• Jim

      I always felt I got much better “all over” work out on rollers than a fixed trainer. Talking from experience I’ve never had a wiley-coyote style accident where I’ve come off them and rolled forward into the wall or tv , there’s just no forward momentum. 😛

  4. Adam

    Hi Ray,
    Small comment on videos in the reviews etc (it could just be me with a setting, if so sorry)

    I can’t give the embedded videos a thumbs up like. I have to open the video in youtube to be able to do that.

    I appreciate it’s important for your channel to get likes and just wondered how to easily do this, or do I have to open up in youtube each time? Surely this isn’t intentional by youtube to switch you on to their platform to get their ad stream displayed… or is it.

    Again sorry if I have a setting and it’s just me.

    • Unfortunately it’s a YouTube thing. 🙁 There isn’t a like button on embedded videos. 🙁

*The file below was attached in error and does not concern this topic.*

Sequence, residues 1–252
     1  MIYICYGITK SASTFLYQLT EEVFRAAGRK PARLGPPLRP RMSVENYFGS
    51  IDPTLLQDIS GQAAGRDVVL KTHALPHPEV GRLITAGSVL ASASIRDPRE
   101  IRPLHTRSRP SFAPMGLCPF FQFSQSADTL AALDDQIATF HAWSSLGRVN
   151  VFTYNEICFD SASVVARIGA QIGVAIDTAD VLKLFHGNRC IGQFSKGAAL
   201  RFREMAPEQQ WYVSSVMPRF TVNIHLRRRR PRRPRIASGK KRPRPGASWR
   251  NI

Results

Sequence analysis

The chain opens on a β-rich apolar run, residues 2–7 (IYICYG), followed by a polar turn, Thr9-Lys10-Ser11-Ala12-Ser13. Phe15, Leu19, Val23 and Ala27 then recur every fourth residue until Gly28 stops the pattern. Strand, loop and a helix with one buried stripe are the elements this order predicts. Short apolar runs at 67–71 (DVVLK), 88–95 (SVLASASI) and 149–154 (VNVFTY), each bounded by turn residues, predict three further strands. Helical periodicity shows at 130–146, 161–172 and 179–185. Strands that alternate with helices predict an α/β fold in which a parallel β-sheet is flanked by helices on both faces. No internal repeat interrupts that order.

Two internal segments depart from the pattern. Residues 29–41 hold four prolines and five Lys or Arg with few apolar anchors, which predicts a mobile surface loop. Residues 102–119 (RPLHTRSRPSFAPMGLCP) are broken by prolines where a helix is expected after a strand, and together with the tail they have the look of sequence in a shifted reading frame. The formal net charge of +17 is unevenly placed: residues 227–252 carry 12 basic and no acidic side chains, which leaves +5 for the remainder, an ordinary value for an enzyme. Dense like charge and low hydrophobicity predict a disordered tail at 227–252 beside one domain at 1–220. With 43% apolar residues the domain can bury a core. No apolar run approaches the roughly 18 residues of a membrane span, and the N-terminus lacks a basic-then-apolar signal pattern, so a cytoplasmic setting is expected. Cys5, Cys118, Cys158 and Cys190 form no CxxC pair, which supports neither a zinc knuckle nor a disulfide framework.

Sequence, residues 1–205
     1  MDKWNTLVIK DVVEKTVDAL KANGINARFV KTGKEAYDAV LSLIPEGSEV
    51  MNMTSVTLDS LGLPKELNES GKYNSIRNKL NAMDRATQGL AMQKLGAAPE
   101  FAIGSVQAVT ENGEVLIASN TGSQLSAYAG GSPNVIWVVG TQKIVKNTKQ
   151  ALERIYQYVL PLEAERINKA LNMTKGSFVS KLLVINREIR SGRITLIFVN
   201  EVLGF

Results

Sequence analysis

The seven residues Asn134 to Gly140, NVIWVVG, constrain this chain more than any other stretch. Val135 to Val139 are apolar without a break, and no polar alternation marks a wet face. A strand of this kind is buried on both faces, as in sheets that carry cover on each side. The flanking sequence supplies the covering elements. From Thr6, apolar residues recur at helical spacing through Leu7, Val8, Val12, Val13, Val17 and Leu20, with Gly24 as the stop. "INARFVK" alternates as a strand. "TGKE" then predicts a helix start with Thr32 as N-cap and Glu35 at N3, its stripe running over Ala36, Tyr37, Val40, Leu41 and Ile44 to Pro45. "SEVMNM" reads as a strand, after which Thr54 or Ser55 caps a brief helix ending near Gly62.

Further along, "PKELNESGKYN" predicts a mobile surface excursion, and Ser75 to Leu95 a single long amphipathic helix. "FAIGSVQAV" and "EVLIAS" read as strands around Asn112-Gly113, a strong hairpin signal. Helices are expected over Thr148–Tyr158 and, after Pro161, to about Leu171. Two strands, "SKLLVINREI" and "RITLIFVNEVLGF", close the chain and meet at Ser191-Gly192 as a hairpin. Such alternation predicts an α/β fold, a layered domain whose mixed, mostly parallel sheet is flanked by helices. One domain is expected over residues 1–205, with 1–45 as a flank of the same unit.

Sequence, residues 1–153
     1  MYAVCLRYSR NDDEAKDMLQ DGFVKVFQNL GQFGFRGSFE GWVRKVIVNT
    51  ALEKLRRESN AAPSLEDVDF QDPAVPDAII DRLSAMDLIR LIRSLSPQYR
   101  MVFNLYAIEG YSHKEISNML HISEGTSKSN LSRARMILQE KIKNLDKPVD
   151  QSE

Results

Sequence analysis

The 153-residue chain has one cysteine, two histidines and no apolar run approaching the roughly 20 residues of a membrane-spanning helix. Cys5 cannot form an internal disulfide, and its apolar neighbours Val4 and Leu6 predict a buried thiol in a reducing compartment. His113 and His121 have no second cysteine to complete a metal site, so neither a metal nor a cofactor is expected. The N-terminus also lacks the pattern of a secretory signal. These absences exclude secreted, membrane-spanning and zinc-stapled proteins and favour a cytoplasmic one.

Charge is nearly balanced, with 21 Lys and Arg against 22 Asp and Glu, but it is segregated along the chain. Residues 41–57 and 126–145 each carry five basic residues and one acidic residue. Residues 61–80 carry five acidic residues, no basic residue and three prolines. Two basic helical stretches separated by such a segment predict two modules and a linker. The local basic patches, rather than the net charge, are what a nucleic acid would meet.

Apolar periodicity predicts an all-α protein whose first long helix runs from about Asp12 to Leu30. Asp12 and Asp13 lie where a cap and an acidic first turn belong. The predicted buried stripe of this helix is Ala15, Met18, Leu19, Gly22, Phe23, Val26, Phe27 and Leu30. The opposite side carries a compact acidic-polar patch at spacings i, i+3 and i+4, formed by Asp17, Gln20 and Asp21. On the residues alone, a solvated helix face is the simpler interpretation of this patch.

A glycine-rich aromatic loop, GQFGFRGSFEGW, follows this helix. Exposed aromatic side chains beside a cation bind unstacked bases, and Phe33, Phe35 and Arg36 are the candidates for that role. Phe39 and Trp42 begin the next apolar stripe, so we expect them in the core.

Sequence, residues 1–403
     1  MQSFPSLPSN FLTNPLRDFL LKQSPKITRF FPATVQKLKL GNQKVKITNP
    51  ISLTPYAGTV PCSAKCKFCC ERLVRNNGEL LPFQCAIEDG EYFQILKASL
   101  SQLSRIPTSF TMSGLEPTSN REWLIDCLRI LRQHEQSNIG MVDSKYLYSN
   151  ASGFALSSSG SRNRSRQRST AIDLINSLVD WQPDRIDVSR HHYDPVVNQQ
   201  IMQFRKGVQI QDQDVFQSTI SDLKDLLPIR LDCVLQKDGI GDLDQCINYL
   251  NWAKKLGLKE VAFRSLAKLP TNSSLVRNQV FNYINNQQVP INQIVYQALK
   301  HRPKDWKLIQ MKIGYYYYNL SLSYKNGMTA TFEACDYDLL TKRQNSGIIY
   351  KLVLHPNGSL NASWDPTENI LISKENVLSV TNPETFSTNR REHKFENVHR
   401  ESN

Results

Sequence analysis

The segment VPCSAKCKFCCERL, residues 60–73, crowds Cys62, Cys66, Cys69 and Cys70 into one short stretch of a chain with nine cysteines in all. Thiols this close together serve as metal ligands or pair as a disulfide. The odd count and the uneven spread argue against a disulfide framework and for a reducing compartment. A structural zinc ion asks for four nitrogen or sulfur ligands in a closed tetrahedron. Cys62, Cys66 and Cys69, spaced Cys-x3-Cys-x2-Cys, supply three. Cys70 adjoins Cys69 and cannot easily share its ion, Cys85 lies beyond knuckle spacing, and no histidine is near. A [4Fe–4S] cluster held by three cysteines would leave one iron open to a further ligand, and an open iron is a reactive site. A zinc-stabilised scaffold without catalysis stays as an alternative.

I suspect it’s because they want you sucked into their platform so they can quickly get you hooked on cat videos. Or at least, that’s sorta how it works for me.

      I appreciate the attempt though!

  5. stephan

    “That said, I think it’s in any companies best interest to occasionally higher a graphic design artist (even if on Fiverr) to clean-up stuff like this and present oneself as an option equal to the much larger players.”

    I think you picked the worst possible sentence in the whole article to have a mistake… the one where you criticized their directions. 😉

    I do appreciate the write-up, and I’ve always been tempted to try rollers, but… I think I agree with you. For that kind of money, I need power accuracy.

  6. Andy

    Hi DCR,

    I have just read the review and watched the video, the what really stood out was that whilst the fork mount does allow some movement, the bike appears to move in the opposite direction to what it would if you were riding on the road. In the video, when the left pedal is down, the bike moves to the left where as if you were riding on the road, the bike would move to the right to avoid tipping over and falling off.

    I just wanted to ask if it actually felt like this whilst you were riding?

    With this being the case, I would assume it is not coming anywhere close to biomechanically replicating real life outdoor riding – and this would be the same scenario with rocker plates on other fixed indoor trainers as well.

    • HanSolo